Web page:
I am trying to determine the pair-wise long-range contribution of the total energy of a system, or the total interaction energy past a certain cutoff. The system I am working with is SPCE water with the following interaction parameters:

pair_style lj/cut/coul/long 12.0 12.0

pair_modify shift yes

kspace_style pppm 1.0e-6

I know with thermo_style, I can print ‘ecoul’ the coulombic energy computed in real space and ‘elong’ the coulombic energy computed in reciprocal space with pppm. However, I have read in other references that the reciprocal space portion of the total coulombic energy spans not only the long-range regime, but also the short range (within defined cutoff). If this is true, then ‘elong’ is not providing just the total interaction energy outside of the cutoff. So I tried the following:

Interaction energy past cutoff of 12 A = [PE using lj/cut/coul/long] - [PE using lj/cut/coul/cut], where both pieces are calculated using cutoff=12 A.

However, even with this method, I am getting a distribution of long-range energies that are comparable or even larger than the total PE. I would have expected the energy contribution from outside of the cutoff to be quite small, so it seems that there is something that I am not understanding. Could you provide some suggestions on what might be wrong with this method for calculating energy outside the cutoff? Or other ideas to calculate this in Lammps?

You first need to look into understanding how lattice sums like ewald summation work (and corresponding grid based methods like PPPM). You are apparently misguided by lacking sufficient understanding of this method.

The bottom line is: the total coulomb energy is the sum of ecoul and elong. always. how much of that total coulomb interaction is contributed by real space and how much by reciprocal space depends on the width parameter “alpha” to the “damping function” that gets added in real space and subtracted in reciprocal space to generate two well converging sums.
this alpha parameter and the reciprocal cutoff are usually automatically determined from the given coulomb cutoff and the requested accuracy parameter of the kspace style.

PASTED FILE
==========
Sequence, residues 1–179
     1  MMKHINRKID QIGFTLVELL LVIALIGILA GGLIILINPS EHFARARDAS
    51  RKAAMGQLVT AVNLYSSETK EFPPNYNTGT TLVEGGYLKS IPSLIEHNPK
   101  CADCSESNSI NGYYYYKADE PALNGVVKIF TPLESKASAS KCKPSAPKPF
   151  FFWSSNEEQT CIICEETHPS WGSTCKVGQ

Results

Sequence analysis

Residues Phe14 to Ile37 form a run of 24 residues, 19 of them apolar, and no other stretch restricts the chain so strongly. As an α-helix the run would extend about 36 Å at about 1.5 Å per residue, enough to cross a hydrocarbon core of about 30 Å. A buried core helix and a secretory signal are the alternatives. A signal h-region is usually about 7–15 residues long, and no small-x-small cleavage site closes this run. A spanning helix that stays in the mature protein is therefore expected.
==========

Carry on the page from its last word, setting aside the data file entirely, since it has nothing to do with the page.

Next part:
you can verify this by setting up a simple test system and compare computing coulomb interactions (only) with run 0 for different choices of the cutoff and the same accuracy requirement for kspace and then also do a test to see the limit for ecoul only when using a coul/cut pair style for the limit of large cutoffs. it should approach the value of the sum of ecoul and elong.

your alternate method is bogus and your interpretation of what you “read somewhere” is incorrect.
please also note that the reciprocal space contribution is a “manybody” contribution denoting the interaction of the individual charges with all other charges with infinite replication.

Thank you for the feedback! I did the test you mentioned with only intermolecular coulombic interactions and the result is as you described - coul/cut with longer cutoffs will approach ecoul+elong when a long range solver is used. While the damping function is useful to achieve proper convergence, I am still not sure how to isolate E(r>cutoff) the energy that is past the real space cutoff when the damping function is changing based on multiple parameters - cutoff and alpha, or cutoff and accuracy. I see that kspace_modify can be used to control each parameter separately but it is not recommended. I can do further testing on these parameters, but I am not sure tuning these parameters will help me achieve just the energy that is past the cutoff. Could you provide suggestions on how to isolate the proportion of the total interaction energy that is past the cutoff?
Thanks!

First you need to explain what it is exactly that you want to determine and what you need it for and why,

As I already explained, the sum of ecoul and elong is the full coulomb interaction energy to an infinitely large cutoff. A partitioning of the long-range term is impossible because it contains contributions from an infinite number of periodic replicas. With optimal parameters, there should not be any (significant) contribution to the real-space part beyond the cutoff.